Jun 9 – BUT I’M A CHEERLEADER with Queer Soup, Drag Show, and Q&A with director Jamie Babbit (35mm presentation)

Nitehawk Cinema Blossoms with New Spring Menu

Spring has sprung and the culinary team at Nitehawk Cinema, New York’s original dine-in theater, have crafted a new menu that will bloom appetites and ripen taste buds all season long. Nitehawk Williamsburg’s Executive Chef Michael Franey explains, “Our goal was to accentuate the freshness, brightness, and lightness that the changing of the season brings. The Spring menu features asparagus, peas, fava beans, radishes, and beets, combined with refreshing herbs like mint and tarragon.” Beginning Friday, April 19th, at both Nitehawk locations, the new selection continues in Nitehawk’s flair of introducing items with tantalizing flavors that compliment the dine-in theater experience and welcome the warmer weather with open arms.

“We purveyed an amazingly fresh burrata from Lioni Latticini in New Jersey, that showcases the delicious creaminess of mozzarella with a deep contrast in Calabrian chili, fava beans, and snap peas,” expresses Chef Franey. If the burrata doesn’t have you rolling out of your seat, then check out the Risotto Balls which are combined with fresh asparagus, diced piquillo peppers, minced chives, and pecorino cheese. Finally, who doesn’t love an everything bagel?! However, this New York City staple is prepared like a fritter. The “everything bagel” is folded with goat cheese, capers, red onions, and partnered with a whipped mousse made with crème fraîche and smoked salmon. With excitement Chef Franey proclaims, “The Everything Bagel Fritter has to be my favorite dish because it’s a perfect example of how we create a new menu and put the right amount of Nitehawk spin on classic items!”

Our chefs devised healthier alternatives for those looking to indulge in more mindful options while at the cinema. The Tri-Color Beet Salad is fun in the dark with vivid, herbaceous, and intensely colored red beets contrasted with thin slices of the candy cane beets, bright yellow beets, and tossed with a vegan tahini and za’atar dressing. Over at Nitehawk Prospect Park, moviegoers will experience Executive Chef Blessing Schuman-Strange’s twist on an avocado toast. Nitehawk’s version features nordic rye bread covered with smashed avocado in a white wine and basil marinated salad of baby heirloom tomatoes and shallots. “Although Avocado Toast is super simple, it emphasizes the way we transform dishes to be enjoyed in the dark while watching a movie,” declares Chef Blessing. Another exhilarating creation is the Tuna Niçoise Sandwich which takes all of the components of the french inspired salad and reimagines it into a decadent sandwich that offers a light and mouthwatering choice at Nitehawk Cinema this Spring.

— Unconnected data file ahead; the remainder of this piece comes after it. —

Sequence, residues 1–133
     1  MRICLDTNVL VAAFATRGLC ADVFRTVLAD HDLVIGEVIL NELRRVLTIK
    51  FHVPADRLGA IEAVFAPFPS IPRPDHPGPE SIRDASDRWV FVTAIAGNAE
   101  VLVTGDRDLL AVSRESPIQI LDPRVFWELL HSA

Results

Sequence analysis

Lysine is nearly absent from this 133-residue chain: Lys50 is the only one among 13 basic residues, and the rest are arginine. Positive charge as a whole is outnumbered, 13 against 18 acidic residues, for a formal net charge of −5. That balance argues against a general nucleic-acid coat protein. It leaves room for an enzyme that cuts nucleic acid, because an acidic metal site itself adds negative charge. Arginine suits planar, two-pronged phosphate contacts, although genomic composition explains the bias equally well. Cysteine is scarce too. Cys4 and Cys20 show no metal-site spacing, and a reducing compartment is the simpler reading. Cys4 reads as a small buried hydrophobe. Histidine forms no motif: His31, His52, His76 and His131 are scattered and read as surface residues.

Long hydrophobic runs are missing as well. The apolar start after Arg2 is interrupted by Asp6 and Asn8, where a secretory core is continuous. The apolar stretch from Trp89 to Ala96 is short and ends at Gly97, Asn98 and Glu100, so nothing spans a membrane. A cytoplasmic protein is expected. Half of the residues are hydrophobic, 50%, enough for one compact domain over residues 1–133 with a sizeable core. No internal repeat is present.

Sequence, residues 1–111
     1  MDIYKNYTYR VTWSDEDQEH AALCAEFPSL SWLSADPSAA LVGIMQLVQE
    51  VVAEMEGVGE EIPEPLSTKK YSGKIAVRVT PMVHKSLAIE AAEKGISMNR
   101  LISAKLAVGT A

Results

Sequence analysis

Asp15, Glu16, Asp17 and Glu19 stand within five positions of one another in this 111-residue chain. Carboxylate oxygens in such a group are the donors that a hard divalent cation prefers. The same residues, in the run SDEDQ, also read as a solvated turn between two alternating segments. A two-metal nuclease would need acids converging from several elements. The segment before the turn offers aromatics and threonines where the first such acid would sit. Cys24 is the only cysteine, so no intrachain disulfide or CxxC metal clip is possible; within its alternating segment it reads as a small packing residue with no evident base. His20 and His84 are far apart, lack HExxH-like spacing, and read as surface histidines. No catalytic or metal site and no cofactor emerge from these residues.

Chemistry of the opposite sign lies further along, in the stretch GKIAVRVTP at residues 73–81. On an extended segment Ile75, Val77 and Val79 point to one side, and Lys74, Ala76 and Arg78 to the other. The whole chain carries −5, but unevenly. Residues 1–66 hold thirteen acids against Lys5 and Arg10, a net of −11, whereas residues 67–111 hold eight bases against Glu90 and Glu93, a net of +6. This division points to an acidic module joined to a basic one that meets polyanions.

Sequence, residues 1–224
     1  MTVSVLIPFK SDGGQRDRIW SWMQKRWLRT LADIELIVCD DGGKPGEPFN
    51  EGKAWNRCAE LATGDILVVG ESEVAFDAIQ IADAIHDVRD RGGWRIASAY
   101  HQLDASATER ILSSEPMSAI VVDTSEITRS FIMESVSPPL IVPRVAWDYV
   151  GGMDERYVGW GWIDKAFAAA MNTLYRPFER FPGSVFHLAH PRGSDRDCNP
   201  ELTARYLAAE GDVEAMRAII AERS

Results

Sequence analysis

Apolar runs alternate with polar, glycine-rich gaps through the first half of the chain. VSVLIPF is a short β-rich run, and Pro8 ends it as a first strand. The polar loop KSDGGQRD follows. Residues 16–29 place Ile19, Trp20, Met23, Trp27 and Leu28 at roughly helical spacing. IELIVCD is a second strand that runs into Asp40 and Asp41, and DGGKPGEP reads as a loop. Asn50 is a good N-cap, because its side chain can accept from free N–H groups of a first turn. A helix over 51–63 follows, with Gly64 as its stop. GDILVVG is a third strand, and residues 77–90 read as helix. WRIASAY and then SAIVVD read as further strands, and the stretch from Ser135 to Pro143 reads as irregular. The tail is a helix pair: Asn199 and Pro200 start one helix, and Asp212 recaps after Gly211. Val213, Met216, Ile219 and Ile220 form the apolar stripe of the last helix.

Sweeten up any movie this spring by treating pallets to a tasty Nitehawk creation like the King’s Sundae, Boozy Cherries Jubilee Float or Chocolate Covered Strawberry Toast Tart. Blessing mentions, “I love how the toaster tart takes the nostalgia of a packaged childhood breakfast pastry and takes it to another level. One of my favorite parts of working for Nitehawk is the ways in which we playfully create our menu with dishes that are delicious but uniquely suited to our dine-in experience.”

Nitehawk’s Beverage Directors Nick Dodge and Rob Giles collaborated to elevate cocktail recipes and frozen drinks to showcase seasonal accents with bold fuisions. Rob states, “Springtime really gave us a chance to explore lighter and refreshing flavor combinations for our cocktail list. As the days become longer and hotter, we wanted to offer drinks with high acidity and flavors like pineapple or fresh cucumber to reflect the seasonal changes.” Nitehawk’s newest addition, Withnail and I, takes the format of a Pimm’s Cup and jazzes it up with juicy strawberries, spicy ginger syrup, and bourbon.

Another standout is Nitehawk’s seasonal Gin and Tonic series which is playfully named Kung Fu Hustle. The draught creation is a study on East-meets-West by using gin from Brooklyn based New York Distilling Company and a rice-based Soju for a subtle concoction. The house-made tonic uses classic citrus aromatics and gentian with a punch of flavor from lemongrass, kafir lime, and Thai basil. “The most dangerous part is how drinkable this cocktail is,” laughs Giles. Nick affirms, “We might have had a little too much fun working on the cocktail menu!”